Hydrology of the Albemarle-Pamlico region, North Carolina : A preliminary report on the impact of agricultural developments
Extensive agricultural land clearing and drainage operations underway in a 650 square mile part of the Albemarle-Pamlico region--a 1,634 square mile peninsula in North Carolina lying between Albemarle Sound on the North and the Pamlico River on the south--are changing the hydrology of the area.
The artificial drainage system being constructed in the region, although it will probably result in only a slight modification of the natural annual evapotranspiration, overland runoff, and ground-water discharge, will likely result in several important problems.
First, changes in the water quality of the sounds and estuaries resulting from the rapid runoff of storm waters may prove harmful to the fishery resources. Second, lowering of the water table may cause relatively rapid subsidence of the land surface in an irregular pattern in the extensive areas underlain by thick peat deposits as a result of biochemical oxidation, peat fires, and wind.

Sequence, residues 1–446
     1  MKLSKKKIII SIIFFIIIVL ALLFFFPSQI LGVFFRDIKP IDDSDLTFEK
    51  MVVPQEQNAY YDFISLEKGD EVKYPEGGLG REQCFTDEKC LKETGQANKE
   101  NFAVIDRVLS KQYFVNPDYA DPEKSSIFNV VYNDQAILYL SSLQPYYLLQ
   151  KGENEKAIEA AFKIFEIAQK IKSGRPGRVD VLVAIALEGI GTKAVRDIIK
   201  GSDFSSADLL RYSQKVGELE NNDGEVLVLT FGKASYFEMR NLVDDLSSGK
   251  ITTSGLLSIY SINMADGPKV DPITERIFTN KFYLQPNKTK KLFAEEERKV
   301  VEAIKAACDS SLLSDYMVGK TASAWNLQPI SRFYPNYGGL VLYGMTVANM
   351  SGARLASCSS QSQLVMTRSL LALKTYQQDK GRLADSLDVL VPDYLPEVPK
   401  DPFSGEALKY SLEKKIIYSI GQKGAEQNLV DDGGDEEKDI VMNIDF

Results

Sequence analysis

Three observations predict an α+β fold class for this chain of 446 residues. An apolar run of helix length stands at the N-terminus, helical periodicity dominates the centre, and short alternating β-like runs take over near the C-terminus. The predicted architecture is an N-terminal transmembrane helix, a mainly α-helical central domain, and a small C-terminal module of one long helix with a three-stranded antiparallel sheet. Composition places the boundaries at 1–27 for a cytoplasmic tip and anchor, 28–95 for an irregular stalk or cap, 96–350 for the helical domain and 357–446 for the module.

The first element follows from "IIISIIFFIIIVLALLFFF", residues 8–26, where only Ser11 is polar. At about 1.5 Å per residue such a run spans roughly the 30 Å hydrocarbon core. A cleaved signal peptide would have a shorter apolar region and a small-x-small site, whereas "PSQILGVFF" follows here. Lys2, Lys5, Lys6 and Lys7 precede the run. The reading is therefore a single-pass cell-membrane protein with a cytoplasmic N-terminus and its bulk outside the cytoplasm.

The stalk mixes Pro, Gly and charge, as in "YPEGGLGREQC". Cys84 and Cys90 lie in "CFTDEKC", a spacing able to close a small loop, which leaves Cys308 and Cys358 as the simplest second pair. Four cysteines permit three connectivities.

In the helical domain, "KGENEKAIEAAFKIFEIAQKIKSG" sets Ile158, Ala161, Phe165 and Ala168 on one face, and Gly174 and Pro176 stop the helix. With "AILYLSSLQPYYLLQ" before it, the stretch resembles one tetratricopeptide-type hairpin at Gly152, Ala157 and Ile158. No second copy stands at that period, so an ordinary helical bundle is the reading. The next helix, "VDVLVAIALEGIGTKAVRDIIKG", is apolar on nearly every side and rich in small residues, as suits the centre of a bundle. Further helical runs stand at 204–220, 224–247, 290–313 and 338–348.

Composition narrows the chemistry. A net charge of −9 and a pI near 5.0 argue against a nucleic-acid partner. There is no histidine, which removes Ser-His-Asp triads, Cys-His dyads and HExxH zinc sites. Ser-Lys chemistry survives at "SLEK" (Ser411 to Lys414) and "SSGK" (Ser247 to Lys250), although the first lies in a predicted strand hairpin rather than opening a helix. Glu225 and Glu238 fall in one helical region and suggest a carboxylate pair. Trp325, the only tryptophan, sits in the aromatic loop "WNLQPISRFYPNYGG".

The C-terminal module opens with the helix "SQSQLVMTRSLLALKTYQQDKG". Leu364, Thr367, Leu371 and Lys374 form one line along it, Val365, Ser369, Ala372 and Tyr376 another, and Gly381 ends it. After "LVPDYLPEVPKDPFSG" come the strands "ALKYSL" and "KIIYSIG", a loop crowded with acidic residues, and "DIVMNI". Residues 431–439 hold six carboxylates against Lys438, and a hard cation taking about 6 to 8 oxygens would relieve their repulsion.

|Publication Subtype||USGS Numbered Series|
|Title||Hydrology of the Albemarle-Pamlico region, North Carolina : A preliminary report on the impact of agricultural developments|
|Series title||Water-Resources Investigations Report|
|Publisher||U.S. Geological Survey|
|Publisher location||Raleigh, NC|
|Contributing office(s)||South Atlantic Water Science Center|
|Description||vi, 98 p.|
|Other Geospatial||Albemarle-Pamlico region|
|Online Only (Y/N)||N|
|Additional Online Files (Y/N)||N|
|Google Analytic Metrics||Metrics page|